LANGTRY, Texas – Down in Southwest Texas along the border of Mexico is a majestic landscape leading the way to the west, and once you cross the Pecos River, you’ll find yourself in a notorious section of our state.
This is where the West gets wild and the story of the infamous Judge Roy Bean, a lawman who also happened to be a saloon owner, still resonates off the rocks of Langtry.
“Well, Langtry’s kind of special. It has a very interesting history. We have almost as many historical markers as we have population,” said Jack Skiles, retired manager of the Judge Roy Bean Visitor Center.
Skiles is another legend of Langtry whose grandfather came to this part of the Lone Star State in 1905.
“[I remember] growing up as a kid hearing about Judge Roy Bean but, most of what the local people said was rather derogatory. Often referred to him as that old scoundrel, that old scalawag, or that old reprobate. I didn’t even know what reprobate meant until I started writing about it and had to look it up in the dictionary,” said Skiles.
Skiles left Langtry to pursue his career as a school superintendent, but in the late ‘60s he heard TxDOT was looking to build the Judge Roy Bean Visitor Center, so he did what any proud native would do – he checked in to see what was happening to his hometown.
“I was at a superintendents meeting in Austin one day and right across the street from us was a highway department office. So I went over there to find out what was going on and what they were planning and by George, before it was over with, they offered me a job to come back home and operate this Judge Roy Bean Visitors Center,” Skiles said.
In 1968 he opened the doors to the new center to help tell a story he knew by heart – heck, he wrote the book on it – Judge Roy Bean Country.
“I interviewed those that were still living, oh, I believe it was in about in 1960. I wanted to get their story straight about Judge Roy Bean,” said Skiles. “There’d been so many magazine articles, a couple of books, and other things written about Judge Roy Bean that were not true. So, I was determined that I wanted to find out the truth about Judge Roy Bean.”
It all started when Roy Bean decided to build a saloon in a rowdy railroad town that was booming with workers from every part of the world.
“That had about 7000 workers and half of those were Chinese. Then there was about 3500 of Americans and Italians and Germans and Mexicans and Irishmen and, of course, most all that bunch likes their whiskey, so Roy Bean set up a saloon, that Vinegaroon,” Skiles said.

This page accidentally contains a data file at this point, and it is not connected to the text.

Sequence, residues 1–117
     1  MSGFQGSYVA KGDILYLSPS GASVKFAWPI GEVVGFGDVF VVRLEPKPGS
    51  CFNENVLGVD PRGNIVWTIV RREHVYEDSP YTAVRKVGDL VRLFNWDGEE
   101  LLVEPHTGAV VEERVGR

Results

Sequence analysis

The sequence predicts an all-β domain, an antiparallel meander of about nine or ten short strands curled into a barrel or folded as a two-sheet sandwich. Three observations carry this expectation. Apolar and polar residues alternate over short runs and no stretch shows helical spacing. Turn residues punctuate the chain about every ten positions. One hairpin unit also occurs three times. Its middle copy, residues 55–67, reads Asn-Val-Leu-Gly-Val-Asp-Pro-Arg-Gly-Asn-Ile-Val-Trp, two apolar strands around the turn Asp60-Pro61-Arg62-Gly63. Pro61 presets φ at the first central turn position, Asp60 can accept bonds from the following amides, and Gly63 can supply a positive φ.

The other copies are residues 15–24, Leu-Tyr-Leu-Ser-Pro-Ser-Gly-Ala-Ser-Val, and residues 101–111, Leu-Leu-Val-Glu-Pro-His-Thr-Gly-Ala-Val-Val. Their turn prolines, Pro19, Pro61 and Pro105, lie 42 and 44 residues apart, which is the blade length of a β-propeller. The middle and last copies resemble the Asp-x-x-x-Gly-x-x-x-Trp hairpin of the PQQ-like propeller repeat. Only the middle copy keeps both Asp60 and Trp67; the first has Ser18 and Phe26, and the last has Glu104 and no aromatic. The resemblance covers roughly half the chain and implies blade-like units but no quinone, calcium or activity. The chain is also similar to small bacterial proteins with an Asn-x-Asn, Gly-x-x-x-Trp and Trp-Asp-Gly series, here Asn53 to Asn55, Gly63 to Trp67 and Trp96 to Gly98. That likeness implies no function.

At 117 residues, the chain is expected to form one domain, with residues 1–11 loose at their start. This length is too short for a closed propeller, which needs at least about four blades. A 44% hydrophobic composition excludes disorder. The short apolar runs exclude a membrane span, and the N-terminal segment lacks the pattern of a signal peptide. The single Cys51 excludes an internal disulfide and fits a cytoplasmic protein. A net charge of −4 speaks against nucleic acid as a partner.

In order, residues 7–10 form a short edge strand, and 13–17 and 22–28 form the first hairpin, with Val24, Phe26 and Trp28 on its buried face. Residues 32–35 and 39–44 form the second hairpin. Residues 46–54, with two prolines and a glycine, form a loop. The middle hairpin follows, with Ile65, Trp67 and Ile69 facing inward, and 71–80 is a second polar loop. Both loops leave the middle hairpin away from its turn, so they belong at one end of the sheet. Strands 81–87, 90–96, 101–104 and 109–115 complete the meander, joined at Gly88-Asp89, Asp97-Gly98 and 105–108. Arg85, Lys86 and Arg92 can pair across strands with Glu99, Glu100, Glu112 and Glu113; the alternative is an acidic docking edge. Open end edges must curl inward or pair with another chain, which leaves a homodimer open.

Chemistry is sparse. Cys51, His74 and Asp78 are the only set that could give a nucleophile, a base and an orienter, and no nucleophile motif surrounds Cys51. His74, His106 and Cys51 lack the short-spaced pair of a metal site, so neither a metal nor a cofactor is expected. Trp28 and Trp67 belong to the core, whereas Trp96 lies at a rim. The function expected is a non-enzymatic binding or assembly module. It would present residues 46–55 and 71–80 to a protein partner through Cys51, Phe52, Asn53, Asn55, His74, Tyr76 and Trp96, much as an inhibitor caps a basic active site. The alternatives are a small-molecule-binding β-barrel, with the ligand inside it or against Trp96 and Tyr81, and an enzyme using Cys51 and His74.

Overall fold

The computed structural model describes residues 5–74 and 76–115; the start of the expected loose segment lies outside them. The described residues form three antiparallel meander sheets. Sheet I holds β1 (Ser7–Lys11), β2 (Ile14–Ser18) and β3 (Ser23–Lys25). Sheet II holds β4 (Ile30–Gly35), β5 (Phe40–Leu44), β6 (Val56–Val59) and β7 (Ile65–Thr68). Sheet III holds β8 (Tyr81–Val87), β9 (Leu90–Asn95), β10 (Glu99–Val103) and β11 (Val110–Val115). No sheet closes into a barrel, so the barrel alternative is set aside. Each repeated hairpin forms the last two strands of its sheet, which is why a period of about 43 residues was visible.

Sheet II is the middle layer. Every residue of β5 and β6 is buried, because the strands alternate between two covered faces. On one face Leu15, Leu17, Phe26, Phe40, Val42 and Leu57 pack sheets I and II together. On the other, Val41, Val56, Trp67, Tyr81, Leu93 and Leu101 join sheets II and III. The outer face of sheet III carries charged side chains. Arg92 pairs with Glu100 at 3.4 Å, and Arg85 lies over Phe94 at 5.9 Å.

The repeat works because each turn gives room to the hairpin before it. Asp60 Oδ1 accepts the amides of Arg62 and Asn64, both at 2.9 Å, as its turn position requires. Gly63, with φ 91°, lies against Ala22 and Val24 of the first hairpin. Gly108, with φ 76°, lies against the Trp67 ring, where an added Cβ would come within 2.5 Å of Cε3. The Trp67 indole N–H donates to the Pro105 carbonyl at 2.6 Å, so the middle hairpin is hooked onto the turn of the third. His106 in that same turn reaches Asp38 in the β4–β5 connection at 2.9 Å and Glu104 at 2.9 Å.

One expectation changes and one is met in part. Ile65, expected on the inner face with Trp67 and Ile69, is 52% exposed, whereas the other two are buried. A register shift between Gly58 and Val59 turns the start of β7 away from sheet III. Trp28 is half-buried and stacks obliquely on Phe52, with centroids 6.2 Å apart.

As the railroad moved west, so did the town, eventually landing in Langtry. By this time the amount of arrests for disorderly conduct – whether it be fights or drunkenness – was getting out of control and the Texas Rangers got tired of taking the charged all the way to Fort Stockton. So, they appointed one Roy Bean as Justice of the Peace to help maintain order and make criminal cases a bit easier to handle.
“There was a federal judge in El Paso – T.A. Falvey was his name. And he was quoted as saying that Judge Roy Bean was the right man at the right place at the right time. So, he did the job that needed to be done here,” said Skiles.
Of course, this Justice of the Peace just so happened to own a saloon, which was his courtroom and notary. Known as The Jersey Lilly in honor of English actress Lilly Langtry for whom Judge Bean had quite the affinity, his barcourt notary became a Texas hall of tall tales.
During his time as a Judge, Bean only sentence two men to hang, a popular misconception considering some called him the hanging judge. Clearing up some misnomers about Bean’s law enforcement is something Skiles has been working to change. But, this by no means suggests that Bean was a good guy.
“I interviewed several of the people who had known the old judge and I always remember what one person, Mrs. Beulah Birdwell Farley, told me,” Skiles said. “I asked Beulah, I said, ‘Well, what did you think about Judge Roy Bean?’ She said, quote, ‘He might have been a murderer and a robber and a thief but he was good at heart.’”
While Bean did what he had to in order to keep the peace in town, the story that put his name in the marquee all started thanks to a world heavyweight prizefight that couldn’t find a venue anywhere in the United States. Being so close to the border, Judge Bean invited the promoters to have the fight down south – and out of reach of U.S. officials.
“Judge Roy Bean’s prizefight held in 1896 was right down there where we see the water of the Rio Grande. At that time that was a big gravel bar and wide open space, and they erected a little footbridge upstream a little ways. Went across, walked down to the fight. Of course, many of people that watched the fight did not pay anything because all they had to do is go down there and sit on top of the bluff,” said Skiles.”
The Texas Rangers weren’t too thrilled to see Bean find a loophole around the professional fight. But, if you can’t stop it, you might as well enjoy it.
“That’s what Roy Bean told the Rangers when they arrived to stop the fight. He said come on down, you can’t do a damn thing about it, so come on down and watch,” Skiles said.
The fight only lasted two minutes as Bob Fitzsimmons defeated Peter Maher on Feb. 21, 1896, to take the world title, but those two minutes sealed Roy Bean’s place in the history books.
“Those eastern reporters really ate that up, you know,” Skiles said. “He was really a tough old western character, so that’s where legends about Judge Roy Bean really got started, I think.”
Independent, all-knowing, stubborn, and fair as long as you were on his good side, it’s no wonder Texans can resonate with his wild spirit. So, if you want to get an idea of what life was like back in the old West, just pull into Langtry and learn about Judge Roy Bean’s method of Texas Justice.
“It’s a part of history that needs to be preserved, and they’re doing a good job preserving it,” said Skiles.